Data recovery services

There is always hope.

We can recover full or partial data:

  • accidentally or intentionally deleted (see below)
  • from failed or no longer accessible NAS devices
  • from proprietary, commercial filesystems
  • from failed RAID (software/hardware, all levels)
  • from failed drives and memory cards (see below)
  • after ransomware attack (see below)
  • from incomplete/broken data dumps (see below)

Rule #1: TURN OFF THE DEVICE ASAP. Then contact us.

So, what to do now?

1. Turn off the device as soon as possible (but try to remember some details regarding the problem, and write them down for us, in your own words).

2. Open the device and remove hard drive(s). Pack them shock-safely and send to this address:

Klim Baron Business Solutions Sp. z o.o.
ul. Swiety Marcin 29/8
61-806 Poznan, POLAND

Make sure to attach the paper with your invoice data, and address, where to send back the drive(s) after analysis.

3. In some cases, instead of shipping physical drive(s), it is enough to make the full image(s) of each drive/partition and send us only the image files. But contact us first to discuss your case.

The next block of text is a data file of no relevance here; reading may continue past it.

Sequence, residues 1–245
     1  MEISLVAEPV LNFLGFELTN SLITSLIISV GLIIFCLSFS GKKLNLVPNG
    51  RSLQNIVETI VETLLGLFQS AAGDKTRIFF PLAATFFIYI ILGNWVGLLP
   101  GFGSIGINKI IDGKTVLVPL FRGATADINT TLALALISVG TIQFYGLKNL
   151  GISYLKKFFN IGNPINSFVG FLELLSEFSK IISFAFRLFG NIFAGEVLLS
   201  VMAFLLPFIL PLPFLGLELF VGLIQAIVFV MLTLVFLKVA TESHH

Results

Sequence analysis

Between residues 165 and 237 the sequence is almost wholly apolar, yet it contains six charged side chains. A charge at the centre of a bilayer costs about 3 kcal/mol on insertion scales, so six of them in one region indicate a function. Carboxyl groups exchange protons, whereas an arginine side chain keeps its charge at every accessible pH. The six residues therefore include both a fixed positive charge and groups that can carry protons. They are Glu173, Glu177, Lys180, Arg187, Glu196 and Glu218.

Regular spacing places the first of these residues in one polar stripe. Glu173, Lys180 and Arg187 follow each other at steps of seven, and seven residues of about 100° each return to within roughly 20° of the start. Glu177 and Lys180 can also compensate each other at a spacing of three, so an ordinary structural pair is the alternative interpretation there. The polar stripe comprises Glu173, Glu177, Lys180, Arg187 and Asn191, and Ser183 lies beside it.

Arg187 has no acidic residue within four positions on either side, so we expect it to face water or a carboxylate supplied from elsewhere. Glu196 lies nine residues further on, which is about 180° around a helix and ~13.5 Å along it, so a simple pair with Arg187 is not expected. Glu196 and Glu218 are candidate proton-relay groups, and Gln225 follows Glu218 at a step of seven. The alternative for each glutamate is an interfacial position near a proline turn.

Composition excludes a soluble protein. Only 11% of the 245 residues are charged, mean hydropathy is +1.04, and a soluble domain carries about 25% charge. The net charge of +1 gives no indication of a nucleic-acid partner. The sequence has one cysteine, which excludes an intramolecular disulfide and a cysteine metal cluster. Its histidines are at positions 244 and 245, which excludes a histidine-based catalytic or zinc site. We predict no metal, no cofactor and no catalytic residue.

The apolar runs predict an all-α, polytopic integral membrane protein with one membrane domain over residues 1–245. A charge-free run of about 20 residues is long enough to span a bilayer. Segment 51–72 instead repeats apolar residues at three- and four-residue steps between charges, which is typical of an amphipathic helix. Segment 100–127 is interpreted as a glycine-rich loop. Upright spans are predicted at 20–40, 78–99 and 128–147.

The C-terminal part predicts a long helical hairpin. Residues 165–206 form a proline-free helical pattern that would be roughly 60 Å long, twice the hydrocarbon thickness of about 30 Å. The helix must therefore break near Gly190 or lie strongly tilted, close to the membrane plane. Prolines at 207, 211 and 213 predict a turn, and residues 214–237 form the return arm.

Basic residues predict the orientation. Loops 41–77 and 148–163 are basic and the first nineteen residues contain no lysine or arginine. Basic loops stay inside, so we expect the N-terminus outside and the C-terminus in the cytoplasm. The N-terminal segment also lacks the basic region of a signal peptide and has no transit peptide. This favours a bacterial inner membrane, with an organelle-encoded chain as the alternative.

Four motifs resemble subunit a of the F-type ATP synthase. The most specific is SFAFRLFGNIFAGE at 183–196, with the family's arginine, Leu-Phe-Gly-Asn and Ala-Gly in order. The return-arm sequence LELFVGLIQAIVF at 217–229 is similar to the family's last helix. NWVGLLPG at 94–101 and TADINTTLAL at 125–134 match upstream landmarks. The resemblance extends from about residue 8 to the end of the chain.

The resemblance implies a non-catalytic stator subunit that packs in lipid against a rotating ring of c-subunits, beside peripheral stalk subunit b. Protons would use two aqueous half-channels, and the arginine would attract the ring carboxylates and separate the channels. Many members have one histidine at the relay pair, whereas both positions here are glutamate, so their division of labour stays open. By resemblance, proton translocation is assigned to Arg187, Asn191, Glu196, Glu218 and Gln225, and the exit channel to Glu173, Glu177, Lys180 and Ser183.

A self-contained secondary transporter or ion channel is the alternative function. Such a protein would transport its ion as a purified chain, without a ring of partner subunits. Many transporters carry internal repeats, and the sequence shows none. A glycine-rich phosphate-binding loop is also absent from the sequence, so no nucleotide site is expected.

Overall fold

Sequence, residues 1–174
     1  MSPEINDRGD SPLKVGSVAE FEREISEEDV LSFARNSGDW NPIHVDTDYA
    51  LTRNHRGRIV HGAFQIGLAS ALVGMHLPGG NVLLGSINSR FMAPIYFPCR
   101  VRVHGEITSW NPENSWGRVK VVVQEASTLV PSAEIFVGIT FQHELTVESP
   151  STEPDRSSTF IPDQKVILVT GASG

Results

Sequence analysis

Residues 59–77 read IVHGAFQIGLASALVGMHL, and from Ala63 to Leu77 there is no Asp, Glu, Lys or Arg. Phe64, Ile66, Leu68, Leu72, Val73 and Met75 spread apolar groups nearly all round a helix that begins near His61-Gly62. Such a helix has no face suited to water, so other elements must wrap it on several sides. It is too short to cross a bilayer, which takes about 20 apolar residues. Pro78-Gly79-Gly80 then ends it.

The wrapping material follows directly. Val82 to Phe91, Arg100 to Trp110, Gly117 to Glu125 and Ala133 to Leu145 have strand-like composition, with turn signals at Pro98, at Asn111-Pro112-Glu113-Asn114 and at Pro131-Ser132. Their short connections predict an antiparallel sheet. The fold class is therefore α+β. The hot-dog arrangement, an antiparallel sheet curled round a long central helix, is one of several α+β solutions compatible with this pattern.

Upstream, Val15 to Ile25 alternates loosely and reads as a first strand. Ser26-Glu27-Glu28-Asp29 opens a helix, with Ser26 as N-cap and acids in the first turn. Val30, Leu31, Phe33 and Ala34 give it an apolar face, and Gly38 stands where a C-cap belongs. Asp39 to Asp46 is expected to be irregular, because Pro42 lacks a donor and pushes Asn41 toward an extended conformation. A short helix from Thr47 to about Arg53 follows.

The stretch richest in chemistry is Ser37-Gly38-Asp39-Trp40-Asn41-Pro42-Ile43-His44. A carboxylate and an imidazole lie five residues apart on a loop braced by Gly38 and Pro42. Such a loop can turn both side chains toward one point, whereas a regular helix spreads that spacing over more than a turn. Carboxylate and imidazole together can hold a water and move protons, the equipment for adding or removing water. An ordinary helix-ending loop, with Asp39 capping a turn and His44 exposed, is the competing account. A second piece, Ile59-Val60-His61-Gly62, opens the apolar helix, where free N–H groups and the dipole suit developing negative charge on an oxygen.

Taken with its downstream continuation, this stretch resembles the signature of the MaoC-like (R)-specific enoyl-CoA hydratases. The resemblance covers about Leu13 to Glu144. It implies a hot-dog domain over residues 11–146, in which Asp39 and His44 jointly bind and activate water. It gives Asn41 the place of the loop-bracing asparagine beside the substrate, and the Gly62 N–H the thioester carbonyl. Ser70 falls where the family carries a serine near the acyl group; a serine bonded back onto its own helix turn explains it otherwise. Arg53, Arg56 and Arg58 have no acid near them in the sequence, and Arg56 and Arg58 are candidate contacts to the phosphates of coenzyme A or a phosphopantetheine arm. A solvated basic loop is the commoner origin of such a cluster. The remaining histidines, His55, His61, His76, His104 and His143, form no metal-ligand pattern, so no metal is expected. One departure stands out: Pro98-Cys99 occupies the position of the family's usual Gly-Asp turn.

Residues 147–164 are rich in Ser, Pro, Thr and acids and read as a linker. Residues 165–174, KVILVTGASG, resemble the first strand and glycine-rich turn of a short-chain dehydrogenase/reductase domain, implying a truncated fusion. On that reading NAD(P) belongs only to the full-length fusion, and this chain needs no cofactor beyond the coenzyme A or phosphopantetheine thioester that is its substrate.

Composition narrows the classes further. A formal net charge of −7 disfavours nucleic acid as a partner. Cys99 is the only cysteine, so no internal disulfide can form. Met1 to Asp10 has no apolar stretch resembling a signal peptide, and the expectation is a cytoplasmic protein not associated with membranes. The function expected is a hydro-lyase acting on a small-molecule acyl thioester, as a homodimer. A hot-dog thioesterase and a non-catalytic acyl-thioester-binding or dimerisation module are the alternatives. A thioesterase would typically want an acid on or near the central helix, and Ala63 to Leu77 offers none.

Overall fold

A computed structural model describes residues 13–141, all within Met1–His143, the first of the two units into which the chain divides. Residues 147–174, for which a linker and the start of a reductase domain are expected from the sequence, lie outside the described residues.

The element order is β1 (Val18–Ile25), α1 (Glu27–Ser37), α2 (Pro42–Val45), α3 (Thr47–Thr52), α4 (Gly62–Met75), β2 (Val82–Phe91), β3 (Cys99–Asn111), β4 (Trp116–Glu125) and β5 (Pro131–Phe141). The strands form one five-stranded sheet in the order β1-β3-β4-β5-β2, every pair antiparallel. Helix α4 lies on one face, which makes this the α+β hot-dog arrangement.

4. We will let you know, what can we do in your particular case, and after payment, we will send you the encrypted archive with recovered files through Dropbox.
Accidental or intentional deletion - possibilities
When you delete a file, it isn't really erased – it still exists on the hard drive, but its contents are marked as free space. Depending on the operating system version and filesystem type, this particular free space may be reused sooner or later (when there is no other available free space - so possibly deleted file can "live" for years since deletion, if there is plenty of other free space).

So, if the deleted file hasn't been overwritten before deletion, there are great chances to restore it.

There is malicious software, which overwrites only parts of files (eg. the first 1024 bytes of each file, to save time and do as much damage as possible before the user notices, what's going on). Most often this is enough to make such files unusable. However, in many special cases, data can be recovered, eg.: